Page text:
Hospital activity was ‘just a test’

Published 8:55 am Saturday, October 31, 2009

FRANKLIN—If you happened to see a huge tent being constructed and dismantled in the employee parking lot at Southampton Memorial Hospital Thursday, there’s no need to worry.

The hospital was conducting a training exercise for its mobile hospital unit. The mobile hospital unit is basically a tent that can be set up in case of an emergency when the hospital can’t handle the patient load or is damaged in a natural disaster.

Miles Carr, the hospital’s director of maintenance and safety, said the unit, which measures 18 feet by 25 feet fully assembled, can be used in “any type of major disaster,” and can be set up to hold between 2 and 50 patients. The unit was given to the hospital by the state and was purchased with Homeland Security funds.

The unit at SMH is one of 19 across Hampton Roads, Carr said. He said the hospitals all have a mutual agreement and the individual units can be connected to form a huge mobile hospital.

“We can equip it with heat, lights and air conditioning,” he said. The same types of tents are used for medical care in Iraq and Afghanistan.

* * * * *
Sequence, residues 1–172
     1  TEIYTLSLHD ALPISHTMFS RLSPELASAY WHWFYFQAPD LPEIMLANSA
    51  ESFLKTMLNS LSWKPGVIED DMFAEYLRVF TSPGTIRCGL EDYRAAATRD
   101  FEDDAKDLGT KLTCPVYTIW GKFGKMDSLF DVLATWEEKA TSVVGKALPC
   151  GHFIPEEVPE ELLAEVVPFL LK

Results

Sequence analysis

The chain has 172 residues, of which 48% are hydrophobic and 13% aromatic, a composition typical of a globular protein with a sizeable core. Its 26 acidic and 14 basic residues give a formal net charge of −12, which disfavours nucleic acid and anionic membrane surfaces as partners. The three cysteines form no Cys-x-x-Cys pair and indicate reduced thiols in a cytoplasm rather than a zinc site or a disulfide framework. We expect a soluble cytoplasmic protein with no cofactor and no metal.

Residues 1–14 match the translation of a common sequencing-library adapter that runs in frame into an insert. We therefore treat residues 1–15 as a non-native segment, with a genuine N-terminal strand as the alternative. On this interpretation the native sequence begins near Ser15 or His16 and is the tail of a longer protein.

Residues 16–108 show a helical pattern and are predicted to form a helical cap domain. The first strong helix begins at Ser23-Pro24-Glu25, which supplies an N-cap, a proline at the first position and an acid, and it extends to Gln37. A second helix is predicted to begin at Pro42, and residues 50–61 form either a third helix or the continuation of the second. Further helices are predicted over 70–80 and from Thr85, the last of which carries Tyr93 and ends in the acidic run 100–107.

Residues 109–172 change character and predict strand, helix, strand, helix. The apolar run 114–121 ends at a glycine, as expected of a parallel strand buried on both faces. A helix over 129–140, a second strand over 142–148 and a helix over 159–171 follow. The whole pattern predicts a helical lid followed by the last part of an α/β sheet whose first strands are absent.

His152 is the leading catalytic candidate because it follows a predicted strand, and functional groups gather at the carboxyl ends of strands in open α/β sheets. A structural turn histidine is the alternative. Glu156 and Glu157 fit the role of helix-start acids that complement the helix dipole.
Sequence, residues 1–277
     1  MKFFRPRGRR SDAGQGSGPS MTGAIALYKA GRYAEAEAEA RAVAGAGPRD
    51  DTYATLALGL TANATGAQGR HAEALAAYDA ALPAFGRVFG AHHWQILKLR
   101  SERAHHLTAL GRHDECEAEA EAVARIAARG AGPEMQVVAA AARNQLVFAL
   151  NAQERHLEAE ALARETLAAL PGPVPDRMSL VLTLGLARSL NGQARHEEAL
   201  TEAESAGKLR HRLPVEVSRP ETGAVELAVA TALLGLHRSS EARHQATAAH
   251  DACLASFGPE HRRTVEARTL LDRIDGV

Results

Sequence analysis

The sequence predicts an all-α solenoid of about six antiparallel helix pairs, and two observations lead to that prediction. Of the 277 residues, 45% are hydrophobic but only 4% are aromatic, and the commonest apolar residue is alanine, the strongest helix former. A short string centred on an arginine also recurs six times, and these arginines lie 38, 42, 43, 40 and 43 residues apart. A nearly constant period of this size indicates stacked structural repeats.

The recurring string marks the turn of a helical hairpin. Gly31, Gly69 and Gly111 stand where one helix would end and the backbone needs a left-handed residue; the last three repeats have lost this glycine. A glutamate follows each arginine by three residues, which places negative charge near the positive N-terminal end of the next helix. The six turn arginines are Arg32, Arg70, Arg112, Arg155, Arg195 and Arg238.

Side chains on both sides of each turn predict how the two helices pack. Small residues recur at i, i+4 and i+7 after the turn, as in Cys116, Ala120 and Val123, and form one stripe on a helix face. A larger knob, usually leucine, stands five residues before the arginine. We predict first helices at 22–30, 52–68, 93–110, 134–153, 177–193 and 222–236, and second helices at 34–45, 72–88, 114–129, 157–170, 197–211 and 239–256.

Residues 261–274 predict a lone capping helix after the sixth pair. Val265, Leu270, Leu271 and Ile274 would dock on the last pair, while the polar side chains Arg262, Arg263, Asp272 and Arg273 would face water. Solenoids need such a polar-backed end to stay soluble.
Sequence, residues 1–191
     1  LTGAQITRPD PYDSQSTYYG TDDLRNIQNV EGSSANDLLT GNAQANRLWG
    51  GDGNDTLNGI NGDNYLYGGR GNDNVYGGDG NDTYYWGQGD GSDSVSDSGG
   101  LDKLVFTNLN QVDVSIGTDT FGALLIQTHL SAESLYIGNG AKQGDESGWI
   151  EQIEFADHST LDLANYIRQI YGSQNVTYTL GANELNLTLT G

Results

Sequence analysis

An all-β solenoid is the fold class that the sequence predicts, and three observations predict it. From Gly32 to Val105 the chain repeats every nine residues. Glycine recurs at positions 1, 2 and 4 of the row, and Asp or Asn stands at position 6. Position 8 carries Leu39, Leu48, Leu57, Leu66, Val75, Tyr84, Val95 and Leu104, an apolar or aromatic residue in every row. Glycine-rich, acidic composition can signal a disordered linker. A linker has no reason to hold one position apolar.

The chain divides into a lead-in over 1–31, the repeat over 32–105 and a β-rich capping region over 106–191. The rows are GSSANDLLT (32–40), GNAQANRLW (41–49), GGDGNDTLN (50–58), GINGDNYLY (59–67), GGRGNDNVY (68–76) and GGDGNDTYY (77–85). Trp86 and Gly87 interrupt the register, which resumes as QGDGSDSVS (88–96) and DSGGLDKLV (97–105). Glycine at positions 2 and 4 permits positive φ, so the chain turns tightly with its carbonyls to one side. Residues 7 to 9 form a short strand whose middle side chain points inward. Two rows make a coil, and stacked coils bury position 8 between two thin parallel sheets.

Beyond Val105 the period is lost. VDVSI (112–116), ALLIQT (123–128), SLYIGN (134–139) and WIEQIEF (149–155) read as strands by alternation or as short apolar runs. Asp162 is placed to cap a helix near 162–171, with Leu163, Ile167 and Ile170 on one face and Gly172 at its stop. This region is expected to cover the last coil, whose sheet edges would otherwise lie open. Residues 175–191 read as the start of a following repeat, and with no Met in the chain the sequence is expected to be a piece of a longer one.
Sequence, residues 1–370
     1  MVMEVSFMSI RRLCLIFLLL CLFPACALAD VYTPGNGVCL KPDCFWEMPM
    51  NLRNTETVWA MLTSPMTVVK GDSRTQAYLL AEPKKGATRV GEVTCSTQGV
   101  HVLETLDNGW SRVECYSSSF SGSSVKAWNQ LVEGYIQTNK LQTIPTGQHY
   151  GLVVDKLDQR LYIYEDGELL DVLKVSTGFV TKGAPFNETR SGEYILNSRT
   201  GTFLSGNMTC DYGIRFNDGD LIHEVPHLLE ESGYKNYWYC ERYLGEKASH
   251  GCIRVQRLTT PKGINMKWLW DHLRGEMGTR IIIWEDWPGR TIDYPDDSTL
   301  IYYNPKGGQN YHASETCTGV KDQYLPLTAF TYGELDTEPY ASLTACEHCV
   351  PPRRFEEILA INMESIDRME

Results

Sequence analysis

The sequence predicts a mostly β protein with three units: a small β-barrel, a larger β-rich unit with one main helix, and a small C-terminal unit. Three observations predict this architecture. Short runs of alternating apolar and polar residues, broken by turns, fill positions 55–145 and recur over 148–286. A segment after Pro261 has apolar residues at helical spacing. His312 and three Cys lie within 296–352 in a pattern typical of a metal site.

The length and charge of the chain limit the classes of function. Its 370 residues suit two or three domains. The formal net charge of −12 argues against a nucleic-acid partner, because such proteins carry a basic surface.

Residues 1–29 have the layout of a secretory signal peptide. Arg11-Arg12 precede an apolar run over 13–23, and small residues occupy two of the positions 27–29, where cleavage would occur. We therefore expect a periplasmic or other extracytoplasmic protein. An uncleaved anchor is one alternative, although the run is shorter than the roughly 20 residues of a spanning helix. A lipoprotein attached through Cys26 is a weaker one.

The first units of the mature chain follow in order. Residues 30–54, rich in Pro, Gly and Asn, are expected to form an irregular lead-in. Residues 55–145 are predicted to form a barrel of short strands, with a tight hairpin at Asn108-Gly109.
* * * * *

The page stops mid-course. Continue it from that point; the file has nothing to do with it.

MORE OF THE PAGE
Hospital officials were aware of the fact that the exercise could raise fears about the current H1N1, or swine, influenza virus pandemic. Fears of creating panic led officials to conduct the exercise in the back of the hospital rather than the front.

“We certainly don’t want any panic,” said Anne Williams, the hospital’s director of marketing. She said the exercise was planned for the fall because the weather is “not too hot and not too cold.”

Employees from several of the hospital’s departments received training on how to assemble the mobile unit, Williams said it was to ensure that there would be enough properly trained people in case of an emergency.

“It’s a pretty neat device,” Carr said. “It’s just to facilitate safety in a disaster — if the hospital can’t handle it.”